In the last post I talked about getting your testosterone levels checked and how to boost your levels using supplements. In this post we will go deeper with more supplements and some ways to eat and getting natural ingredients found in your food.
Many people understand the role testosterone plays in aiding the development of muscle mass, with the male sex hormone being related to dominant male features. There is even an entire sub-category of sports supplements dedicated to increasing your testosterone levels, with options ranging from the more recent D-Aspartic Acid, through to classics such as Horny Goat weed and Longjack. I am not a big fan of all these supplements because there is a lot of hype behind them. I wouldn’t waste your money on Horny Goat Weed but look carefully at the information on D – Aspartic Acid and make an educated decision for yourself. Just remember that a lot of the studies they boast about are sometimes paid for by the company….(conflict of interest).
Many worry stepping away from supplements could result in their testosterone levels dropping, but did you know there are certain foods which you can consume to aid increased testosterone during off-cycles, or even use to boost your ‘T’ levels should supplements not be your thing? Below we look at some of the natural ways of increasing your testosterone levels through the food you eat.
Resveratrol has been shown to not only increase testosterone levels, but also improve epididymal motility (sperm activity). Commonly an active ingredient in many T-Boosting sports supplements, Resveratrol is also found in the skin of red grapes, with research showing 5-10g of grape skin being enough to elevate testosterone levels.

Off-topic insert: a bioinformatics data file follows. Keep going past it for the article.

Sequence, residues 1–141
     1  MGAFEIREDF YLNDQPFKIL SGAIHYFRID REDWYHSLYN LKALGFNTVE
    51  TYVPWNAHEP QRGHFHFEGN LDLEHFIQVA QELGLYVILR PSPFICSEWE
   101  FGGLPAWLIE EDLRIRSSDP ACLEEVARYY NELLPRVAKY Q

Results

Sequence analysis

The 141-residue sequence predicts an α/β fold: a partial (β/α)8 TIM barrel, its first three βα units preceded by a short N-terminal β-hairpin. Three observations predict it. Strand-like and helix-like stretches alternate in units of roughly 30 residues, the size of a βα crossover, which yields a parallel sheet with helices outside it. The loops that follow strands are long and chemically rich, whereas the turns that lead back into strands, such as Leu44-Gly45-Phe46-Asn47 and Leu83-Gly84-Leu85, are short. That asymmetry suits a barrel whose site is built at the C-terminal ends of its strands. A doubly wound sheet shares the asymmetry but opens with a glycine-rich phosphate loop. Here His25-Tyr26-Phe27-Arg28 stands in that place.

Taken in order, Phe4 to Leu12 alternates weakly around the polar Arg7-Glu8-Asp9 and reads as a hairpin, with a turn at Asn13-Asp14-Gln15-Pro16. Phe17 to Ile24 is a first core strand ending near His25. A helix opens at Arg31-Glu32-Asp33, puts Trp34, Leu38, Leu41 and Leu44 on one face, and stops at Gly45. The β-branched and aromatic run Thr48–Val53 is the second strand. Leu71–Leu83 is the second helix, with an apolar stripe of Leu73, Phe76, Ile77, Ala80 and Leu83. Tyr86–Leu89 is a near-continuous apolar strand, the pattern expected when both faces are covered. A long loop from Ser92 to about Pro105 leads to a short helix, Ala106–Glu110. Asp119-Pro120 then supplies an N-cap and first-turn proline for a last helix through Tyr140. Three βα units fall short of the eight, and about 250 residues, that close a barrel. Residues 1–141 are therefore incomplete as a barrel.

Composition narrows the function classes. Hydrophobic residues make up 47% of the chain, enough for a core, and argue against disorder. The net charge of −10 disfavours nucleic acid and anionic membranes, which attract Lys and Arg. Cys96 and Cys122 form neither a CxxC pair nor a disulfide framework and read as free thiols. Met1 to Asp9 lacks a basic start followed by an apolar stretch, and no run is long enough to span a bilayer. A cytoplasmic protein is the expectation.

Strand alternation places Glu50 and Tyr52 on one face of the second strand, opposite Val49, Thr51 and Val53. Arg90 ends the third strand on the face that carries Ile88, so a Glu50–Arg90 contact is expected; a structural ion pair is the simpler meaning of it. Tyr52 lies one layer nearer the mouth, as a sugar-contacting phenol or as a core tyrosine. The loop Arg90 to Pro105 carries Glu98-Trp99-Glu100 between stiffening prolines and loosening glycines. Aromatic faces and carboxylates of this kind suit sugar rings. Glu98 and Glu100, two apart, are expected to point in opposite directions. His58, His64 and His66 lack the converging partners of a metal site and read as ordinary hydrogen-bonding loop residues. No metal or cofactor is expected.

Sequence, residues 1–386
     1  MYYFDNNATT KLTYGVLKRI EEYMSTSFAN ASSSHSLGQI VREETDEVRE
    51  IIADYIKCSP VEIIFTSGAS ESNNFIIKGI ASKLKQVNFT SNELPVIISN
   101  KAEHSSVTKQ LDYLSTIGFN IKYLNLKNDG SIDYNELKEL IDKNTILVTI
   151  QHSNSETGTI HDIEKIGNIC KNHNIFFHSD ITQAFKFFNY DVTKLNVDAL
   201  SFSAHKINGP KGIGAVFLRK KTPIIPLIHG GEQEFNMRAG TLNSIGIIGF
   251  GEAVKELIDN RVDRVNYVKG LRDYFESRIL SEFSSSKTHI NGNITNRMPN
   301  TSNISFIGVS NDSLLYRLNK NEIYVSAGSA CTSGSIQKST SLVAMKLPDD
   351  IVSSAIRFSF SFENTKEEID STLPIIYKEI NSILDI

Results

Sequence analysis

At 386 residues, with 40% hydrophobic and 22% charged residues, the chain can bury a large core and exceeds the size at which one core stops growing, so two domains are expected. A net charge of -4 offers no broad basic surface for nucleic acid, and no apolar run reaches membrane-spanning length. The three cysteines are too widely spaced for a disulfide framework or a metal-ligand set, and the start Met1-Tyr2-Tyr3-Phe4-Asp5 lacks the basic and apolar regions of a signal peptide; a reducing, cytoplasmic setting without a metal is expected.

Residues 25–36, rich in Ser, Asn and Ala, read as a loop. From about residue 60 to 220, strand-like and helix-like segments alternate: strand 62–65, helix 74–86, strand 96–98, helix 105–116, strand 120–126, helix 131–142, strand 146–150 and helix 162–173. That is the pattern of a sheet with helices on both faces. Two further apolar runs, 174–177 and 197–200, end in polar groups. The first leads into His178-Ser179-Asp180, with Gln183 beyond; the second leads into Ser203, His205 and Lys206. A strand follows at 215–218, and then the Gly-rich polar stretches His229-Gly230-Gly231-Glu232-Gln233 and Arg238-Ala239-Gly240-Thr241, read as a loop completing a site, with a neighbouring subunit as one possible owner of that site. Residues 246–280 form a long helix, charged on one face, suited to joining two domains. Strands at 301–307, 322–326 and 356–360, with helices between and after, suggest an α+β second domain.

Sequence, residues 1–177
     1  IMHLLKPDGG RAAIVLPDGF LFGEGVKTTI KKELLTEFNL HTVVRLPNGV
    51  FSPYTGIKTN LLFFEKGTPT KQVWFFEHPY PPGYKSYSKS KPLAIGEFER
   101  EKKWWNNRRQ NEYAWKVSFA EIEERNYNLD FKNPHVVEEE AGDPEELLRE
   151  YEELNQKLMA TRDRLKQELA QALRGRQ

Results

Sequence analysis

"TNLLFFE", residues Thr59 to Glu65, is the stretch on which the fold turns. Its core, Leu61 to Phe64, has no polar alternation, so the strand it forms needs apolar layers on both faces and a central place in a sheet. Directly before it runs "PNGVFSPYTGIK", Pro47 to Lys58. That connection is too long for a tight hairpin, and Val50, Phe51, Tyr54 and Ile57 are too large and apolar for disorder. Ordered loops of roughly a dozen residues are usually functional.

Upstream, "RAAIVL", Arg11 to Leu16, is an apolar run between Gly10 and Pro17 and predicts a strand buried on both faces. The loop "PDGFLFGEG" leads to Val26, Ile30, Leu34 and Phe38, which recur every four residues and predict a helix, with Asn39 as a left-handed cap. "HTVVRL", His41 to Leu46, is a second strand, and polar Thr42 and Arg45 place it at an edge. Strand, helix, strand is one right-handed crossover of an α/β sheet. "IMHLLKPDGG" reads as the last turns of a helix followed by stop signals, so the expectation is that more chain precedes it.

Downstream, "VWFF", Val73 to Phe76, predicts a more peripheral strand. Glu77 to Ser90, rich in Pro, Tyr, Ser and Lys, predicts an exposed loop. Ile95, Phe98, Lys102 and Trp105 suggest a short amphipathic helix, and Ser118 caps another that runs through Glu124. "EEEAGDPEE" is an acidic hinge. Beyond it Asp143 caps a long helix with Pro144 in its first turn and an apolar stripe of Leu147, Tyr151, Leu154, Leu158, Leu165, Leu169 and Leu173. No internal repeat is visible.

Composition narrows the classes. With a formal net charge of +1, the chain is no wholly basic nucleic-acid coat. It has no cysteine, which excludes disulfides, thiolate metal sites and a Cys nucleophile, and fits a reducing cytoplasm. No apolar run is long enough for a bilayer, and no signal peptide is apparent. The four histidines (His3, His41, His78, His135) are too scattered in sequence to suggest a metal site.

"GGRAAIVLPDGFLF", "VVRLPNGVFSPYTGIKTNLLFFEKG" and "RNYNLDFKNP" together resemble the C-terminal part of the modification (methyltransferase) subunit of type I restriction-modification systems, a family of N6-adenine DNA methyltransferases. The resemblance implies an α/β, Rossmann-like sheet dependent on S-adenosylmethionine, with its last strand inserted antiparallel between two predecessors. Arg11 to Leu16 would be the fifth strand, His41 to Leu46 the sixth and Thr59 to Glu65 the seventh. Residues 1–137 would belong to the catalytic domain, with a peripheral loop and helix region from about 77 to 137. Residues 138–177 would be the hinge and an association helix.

SHBG, or Sex Hormone Binding Globulin, is a hormone associated with the lowering of the male libido and is surprisingly easy to keep in check. Consumption of adequate vitamin D can ensure your SHBG levels stay low, with the full RDA of vitamin D being available in a single can of tuna (but watch out for tuna because it is high in mercury so eat it only once a month at the most). Now, the RDA of Vitamin D is 3000 i.u./day. But tests have shown that an individual can take up to 40,000 i.u./day before showing toxic levels. I do not know why they make the RDA so low. I am currently taking 9000 i.u./day and I am waiting on blood work on my D levels. I am sure my levels are not too high, if anything they are still low.
Meat and saturated fat
Here’s a conundrum; consuming too little meat can lower testosterone availability by up to 14%, with a lack of protein deactivating testosterone hormones. However, a diet too high in saturated fats (typically found within red meats) can also make testosterone dip. The solution? Limit your consumption of fatty red meats to leaner alternatives.
Cortisol and garlic
Cortisol is the hormone typically related to stress, and is responsible for catabolism (the state opposite of anabolic). By reducing cortisol your body is better able to remain in an anabolic state, allowing for development of muscle mass. Best controlled through the avoidance of over training, cortisol can also be reduced through the consumption of allicin, commonly found in garlic.
Bringing it all together.
Mega dosing D-Aspartic Acid, Tribulus, and Ashwagandha.(mentioned in my last post)
Get Resveratol from grapes (you can buy supplements at the vitamin store too)
Take lots of vitamin D or get a lot of sun.
Eat lean beef and avoid saturated fats.
Reduce cortisol levels by eating lots of garlic .
- Testosterone Decline: How to Address This Challenge to ‘Manhood’. (zedie.wordpress.com)
- Low #Testosterone (mickirose.wordpress.com)
- Is DHEA a Better Way to Raise Testosterone? (mensjournal.com)
- Test Your Test (lifehardcore.wordpress.com)